dimarts, 20 de juny de 2006

Online political organizing: lessons from the field

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Source: Computer Supported Cooperative Work
Proceedings of the 2004 ACM conference on Computer supported cooperative work
table of contents
Chicago, Illinois, USA
table of contents
Pages: 59 - 62
Year of Publication: 2004 ; ISBN:1-58113-810-5
Keri Carpenter University of California, Irvine, Irvine, CA; Bonnie Nardi University of California, Irvine, Irvine, CA; James Moore Harvard Law School, Cambridge, MA; Scott Robertson Drexel University, Philadelphia, PA; Daniel Drezner University of Chicago, Chicago, IL; Ian Benson Sociality Ltd, London, UK ; Kirsten Foot University of Washington, Seattle, WA; Quintus Jett Dartmouth College, Hanover, NH ; Sponsors
SIGCHI: ACM Special Interest Group on Computer-Human Interaction ACM: Association for Computing Machinery; SIGGROUP: ACM Special Interest Group on Supporting Group Work
ACM Press New York, NY, USA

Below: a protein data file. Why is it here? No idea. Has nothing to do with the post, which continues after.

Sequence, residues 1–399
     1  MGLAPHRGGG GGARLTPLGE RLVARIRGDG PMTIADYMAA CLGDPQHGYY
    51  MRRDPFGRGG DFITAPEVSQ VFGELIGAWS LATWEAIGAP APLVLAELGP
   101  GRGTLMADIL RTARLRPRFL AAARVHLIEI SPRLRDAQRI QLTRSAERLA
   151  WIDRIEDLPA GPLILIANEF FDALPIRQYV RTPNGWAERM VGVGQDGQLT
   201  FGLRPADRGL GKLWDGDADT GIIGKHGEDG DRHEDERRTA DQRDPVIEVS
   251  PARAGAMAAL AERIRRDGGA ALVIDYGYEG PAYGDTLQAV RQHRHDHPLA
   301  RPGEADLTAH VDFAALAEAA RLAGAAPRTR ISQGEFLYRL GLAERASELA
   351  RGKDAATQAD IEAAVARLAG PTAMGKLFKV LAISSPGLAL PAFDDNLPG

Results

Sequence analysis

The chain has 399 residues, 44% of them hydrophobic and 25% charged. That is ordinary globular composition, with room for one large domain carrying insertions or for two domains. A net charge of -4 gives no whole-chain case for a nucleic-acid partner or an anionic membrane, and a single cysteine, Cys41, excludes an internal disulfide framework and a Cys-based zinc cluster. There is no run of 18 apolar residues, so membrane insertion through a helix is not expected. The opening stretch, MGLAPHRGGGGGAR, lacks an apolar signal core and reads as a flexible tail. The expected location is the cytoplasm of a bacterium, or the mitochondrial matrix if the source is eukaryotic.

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In this panel, a group of practitioners and researchers in the area of online political organizing will present their own research in this area and discuss the relevance of online political organizing to the current political scene - including the U.S. general presidential election, which has just been completed. Panelists come from across the political spectrum and also represent views of the political process in countries other than the United States. What are the tools used in online political organizing? What role do each of these new tools bring to the campaign/election process? How effective have they proven in this election cycle? What is their utility outside the scope of the presidential election cycle? Are they merely "teaser" tools to get people in the door or do they have the potential to facilitate lasting political change in all political arenas large and small? In addition, electronic voting is a current open research area. What do systems need to take into account to assure voters' confidence that their votes are being collected and tallied correctly and securely? What information needs to be presented to the voter at the time of polling to ensure the most effective voting systems available? What do we know at this point and where are the future research areas that need scrutiny? Each panelist will present their current research related to this area and comment on the ways in which their findings add to the current body of knowledge. Particular attention will be paid to articulating research streams that currently need to be addressed and positing methods to address these open research questions.